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Mathematical modelling at different stages of an infectious disease outbreak

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Infectious disease outbreaks can be responsible for devastating consequences. For example, the 2014-16 Ebola epidemic in west Africa led to more than 11,000 deaths, putting it at the centre of the news agenda. During this talk, using Ebola as a case study, I will discuss how stochastic epidemiological models can be used at different stages of an infectious disease outbreak. At the beginning of an outbreak, key questions include: how can surveillance be performed effectively, and will the outbreak develop into a major epidemic? When a major epidemic is ongoing, decision makers often attempt to forecast the final epidemic size and plan control interventions to reduce the impact of the epidemic. And at the apparent end of an epidemic, an important question is whether the epidemic is really over once there are no new symptomatic cases. Mathematical modelling can be used to address these questions, and is therefore a useful tool for decision makers throughout an outbreak.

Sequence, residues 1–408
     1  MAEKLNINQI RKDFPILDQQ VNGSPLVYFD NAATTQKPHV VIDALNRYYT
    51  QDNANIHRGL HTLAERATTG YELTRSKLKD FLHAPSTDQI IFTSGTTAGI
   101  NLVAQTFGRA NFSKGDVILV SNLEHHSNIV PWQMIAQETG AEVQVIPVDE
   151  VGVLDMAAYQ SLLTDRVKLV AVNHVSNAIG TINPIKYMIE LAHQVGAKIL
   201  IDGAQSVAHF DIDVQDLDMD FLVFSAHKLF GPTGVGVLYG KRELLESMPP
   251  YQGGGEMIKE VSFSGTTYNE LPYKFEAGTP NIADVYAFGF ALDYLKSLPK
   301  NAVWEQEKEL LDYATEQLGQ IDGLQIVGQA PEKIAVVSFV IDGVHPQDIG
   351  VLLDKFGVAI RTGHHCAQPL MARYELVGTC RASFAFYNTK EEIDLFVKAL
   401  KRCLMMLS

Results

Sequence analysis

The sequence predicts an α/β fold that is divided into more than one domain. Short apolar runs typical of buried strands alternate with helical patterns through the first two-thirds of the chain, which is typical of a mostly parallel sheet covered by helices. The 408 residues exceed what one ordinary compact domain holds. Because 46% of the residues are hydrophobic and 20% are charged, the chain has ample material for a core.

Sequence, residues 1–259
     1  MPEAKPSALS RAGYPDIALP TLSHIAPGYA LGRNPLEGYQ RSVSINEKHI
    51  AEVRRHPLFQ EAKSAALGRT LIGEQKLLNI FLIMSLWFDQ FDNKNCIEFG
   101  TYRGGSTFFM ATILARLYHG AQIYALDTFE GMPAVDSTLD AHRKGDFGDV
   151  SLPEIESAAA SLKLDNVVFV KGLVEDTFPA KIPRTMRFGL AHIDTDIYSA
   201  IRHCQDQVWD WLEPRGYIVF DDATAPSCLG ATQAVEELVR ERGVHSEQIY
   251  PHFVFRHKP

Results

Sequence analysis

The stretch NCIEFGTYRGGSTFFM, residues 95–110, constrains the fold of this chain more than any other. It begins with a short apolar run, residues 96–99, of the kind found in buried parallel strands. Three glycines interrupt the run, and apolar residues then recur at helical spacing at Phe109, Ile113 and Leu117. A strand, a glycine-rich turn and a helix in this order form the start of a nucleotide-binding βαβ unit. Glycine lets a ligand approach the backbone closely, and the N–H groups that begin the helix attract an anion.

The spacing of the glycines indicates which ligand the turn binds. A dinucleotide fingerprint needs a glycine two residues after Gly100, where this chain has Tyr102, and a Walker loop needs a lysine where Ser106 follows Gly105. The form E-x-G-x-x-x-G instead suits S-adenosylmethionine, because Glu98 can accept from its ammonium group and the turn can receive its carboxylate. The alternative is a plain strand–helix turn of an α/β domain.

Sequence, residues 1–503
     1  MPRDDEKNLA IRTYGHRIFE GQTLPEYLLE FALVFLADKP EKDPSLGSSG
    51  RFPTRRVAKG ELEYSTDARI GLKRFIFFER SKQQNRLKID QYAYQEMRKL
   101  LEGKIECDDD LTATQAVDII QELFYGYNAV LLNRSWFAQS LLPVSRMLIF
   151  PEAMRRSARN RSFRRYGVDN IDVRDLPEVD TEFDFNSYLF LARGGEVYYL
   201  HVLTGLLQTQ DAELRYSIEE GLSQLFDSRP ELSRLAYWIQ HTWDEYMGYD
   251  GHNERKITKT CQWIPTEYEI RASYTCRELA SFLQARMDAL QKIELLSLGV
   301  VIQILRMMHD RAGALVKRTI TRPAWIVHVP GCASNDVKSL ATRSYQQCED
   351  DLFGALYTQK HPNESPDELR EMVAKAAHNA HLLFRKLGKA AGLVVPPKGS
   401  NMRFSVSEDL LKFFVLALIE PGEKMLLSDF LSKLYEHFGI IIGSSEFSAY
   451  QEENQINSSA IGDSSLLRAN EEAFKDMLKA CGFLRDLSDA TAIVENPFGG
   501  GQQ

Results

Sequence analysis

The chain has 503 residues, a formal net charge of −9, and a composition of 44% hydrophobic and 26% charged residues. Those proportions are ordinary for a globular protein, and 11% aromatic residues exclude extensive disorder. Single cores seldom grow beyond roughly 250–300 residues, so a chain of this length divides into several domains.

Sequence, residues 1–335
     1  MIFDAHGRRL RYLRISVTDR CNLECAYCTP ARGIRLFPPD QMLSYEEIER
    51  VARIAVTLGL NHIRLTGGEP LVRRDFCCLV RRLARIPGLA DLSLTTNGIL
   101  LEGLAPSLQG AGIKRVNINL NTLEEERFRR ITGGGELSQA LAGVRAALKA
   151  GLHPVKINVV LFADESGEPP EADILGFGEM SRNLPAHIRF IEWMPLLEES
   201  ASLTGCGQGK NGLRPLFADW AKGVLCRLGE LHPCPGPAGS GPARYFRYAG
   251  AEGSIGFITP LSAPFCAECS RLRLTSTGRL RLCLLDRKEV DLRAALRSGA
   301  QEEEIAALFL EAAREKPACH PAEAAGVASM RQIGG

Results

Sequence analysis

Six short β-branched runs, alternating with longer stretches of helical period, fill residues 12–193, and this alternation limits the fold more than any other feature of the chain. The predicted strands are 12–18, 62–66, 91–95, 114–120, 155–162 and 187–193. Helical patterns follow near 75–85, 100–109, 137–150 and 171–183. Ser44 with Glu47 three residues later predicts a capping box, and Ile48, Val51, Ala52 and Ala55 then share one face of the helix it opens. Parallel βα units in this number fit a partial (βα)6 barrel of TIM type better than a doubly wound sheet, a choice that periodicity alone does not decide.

This talk is part of the Worms and Bugs series.

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